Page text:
A Brief History of Houston Heights and Prominent Architectural Styles
Attention, history buffs: do you know the history of the coveted Houston Heights neighborhood and the story behind its architecture? This community boasts a rich history that has influenced much of the rest of the city’s suburbs. Keep reading if you’d like to learn more about the area’s development and its wide variety of architectural styles.
Houston’s First Suburb
Houston Heights was one of the first planned developments in Texas, and it was Houston’s very first suburb. When people refer to the “historic” Houston Heights, they’re not kidding – it all started here! The community was developed in hopes of creating a place where people could reside comfortably and still find good work.
The Omaha & South Texas Land Company purchased the land on May 5, 1891. Daniel Denton Cooley, aka “the Father of Houston Heights,” invested significantly in the formation of the community. Of his many contributions, he was particularly passionate about Heights Boulevard. Modeled after Boston’s Commonwealth Boulevard, Cooley aimed to make Heights Boulevard elegant, charming, and locally prominent. It’s safe to say he succeeded: the Houston Chronicle described Heights Boulevard in 1955 as “the most gracious street in all of heavenly Houston.”
In addition to its aesthetics and job opportunities, Houston Heights offered a lot to residents who highly valued public transportation and well-thought-out infrastructure. A steam railroad built in 1892 connected locals to 12 railroad depots in the City of Houston, allowing residents to live in the Heights and work or travel elsewhere. Graded and paved streets with sidewalks were advertised to prospective buyers who weren’t used to these particular features. The community also offered an artesian waterworks system, electric light and power, and sewer drainage. The improved waterworks system was particularly important at the time since cholera plagued early settlers. Schools and parks were also included in Omaha & South Texas Land Company’s massive investment. Retail lots were developed on 19th, 11th, and 20th Streets, and of course, have since expanded. Due to early planning and improvement projects, Houston Heights remains one of Houston’s most beloved communities for its easy accessibility.
Another contribution to the neighborhood’s success? High elevation. The community was built on land plotted 62 feet above sea level, 23 feet higher than Downtown. At the time, the higher elevation was extremely helpful in evading flooding. Yellow fever and malaria, transmitted by water-loving mosquitos, also spread slower on higher land, allowing construction projects to be completed swiftly.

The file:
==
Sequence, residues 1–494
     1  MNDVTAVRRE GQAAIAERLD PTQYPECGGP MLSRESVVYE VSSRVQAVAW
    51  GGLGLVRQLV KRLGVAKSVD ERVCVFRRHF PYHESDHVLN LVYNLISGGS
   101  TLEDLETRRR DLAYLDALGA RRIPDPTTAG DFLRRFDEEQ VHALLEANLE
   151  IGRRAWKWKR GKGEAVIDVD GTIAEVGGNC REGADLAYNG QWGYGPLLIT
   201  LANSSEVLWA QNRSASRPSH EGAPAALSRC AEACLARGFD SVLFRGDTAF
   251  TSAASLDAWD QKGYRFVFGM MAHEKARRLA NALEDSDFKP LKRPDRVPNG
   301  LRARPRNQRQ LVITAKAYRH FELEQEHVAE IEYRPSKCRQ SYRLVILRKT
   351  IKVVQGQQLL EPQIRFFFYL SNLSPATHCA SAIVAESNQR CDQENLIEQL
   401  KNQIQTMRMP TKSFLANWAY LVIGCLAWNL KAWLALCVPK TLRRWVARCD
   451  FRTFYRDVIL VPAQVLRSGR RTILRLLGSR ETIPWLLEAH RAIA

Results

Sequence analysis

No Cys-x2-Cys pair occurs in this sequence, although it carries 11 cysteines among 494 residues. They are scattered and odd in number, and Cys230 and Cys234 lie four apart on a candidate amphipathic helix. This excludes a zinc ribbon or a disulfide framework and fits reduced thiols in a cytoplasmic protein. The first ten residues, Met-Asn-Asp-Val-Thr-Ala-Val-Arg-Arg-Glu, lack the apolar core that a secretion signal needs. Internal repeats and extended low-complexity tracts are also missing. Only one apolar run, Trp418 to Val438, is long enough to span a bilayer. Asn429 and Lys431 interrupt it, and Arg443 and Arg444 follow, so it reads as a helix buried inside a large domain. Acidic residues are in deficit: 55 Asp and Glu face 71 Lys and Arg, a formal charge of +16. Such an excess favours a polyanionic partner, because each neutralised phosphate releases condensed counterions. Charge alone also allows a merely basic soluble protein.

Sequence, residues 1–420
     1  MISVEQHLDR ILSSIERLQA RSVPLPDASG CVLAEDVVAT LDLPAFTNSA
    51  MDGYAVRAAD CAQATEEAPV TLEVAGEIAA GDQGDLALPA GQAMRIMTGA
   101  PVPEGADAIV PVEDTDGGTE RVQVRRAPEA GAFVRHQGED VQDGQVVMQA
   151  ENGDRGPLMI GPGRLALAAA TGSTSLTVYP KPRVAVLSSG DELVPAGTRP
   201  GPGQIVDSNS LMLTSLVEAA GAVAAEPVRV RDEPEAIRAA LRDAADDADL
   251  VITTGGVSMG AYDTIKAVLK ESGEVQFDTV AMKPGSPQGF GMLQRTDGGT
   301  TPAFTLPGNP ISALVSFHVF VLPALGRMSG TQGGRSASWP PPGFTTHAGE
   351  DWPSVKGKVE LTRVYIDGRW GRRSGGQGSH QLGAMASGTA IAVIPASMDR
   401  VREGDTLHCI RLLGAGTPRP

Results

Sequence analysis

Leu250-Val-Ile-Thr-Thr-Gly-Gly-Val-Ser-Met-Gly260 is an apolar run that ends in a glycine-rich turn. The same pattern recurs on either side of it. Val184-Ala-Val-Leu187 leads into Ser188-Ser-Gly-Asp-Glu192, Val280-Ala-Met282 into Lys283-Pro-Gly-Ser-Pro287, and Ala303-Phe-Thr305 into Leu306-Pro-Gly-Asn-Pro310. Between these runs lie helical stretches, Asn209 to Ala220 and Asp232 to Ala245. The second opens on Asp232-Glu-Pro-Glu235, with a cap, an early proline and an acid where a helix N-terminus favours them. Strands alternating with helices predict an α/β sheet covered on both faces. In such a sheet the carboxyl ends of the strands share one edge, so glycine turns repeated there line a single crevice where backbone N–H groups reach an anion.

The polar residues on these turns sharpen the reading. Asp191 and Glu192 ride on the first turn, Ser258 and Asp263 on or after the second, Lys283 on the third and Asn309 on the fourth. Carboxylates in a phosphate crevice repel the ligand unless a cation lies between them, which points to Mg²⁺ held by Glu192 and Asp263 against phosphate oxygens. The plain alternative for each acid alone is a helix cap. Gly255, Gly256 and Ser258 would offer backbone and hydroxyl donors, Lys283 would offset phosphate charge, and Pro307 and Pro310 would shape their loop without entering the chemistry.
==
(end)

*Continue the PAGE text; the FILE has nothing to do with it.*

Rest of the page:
Heights Home Styles
In 1893, Cooley’s new ornate, Victorian-style home was considered an example of the kind of home that should dominate the Heights. His home was sophisticated, with eye-catching chandeliers, inlaid wood floors, a marble tub in each bedroom, stained glass windows, and even an early-stage intercom system. Although his house was demolished in 1968, you may have seen the Texas Historical Commission marker while out and about in town! However, not every home was as lavish as Cooley’s. In fact, individual lot prices began at a mere $250, and many original homes no longer stand.
Today, most existing homes are one or two-story single-family residences. Common architectural styles include Queen Anne, Craftsman bungalows, and Folk Victorians, among others. Many Heights homes were constructed at the turn of the 19th century when the preferred architectural styles were changing. The wide variety of home styles present in the Heights reflects this transition.
The next time you take a stroll through the neighborhood, keep an eye out for these home styles:
While the Victorian era ended in 1901, you can certainly spot some beautiful Heights homes inspired by both it and the Gothic era. Certain qualities, such as steep roof pitches, irregular shapes, bay windows, patterned siding or shingles, and wide, striking porches define this style. They tend to be one or two stories tall, although like anything in real estate, there are exceptions.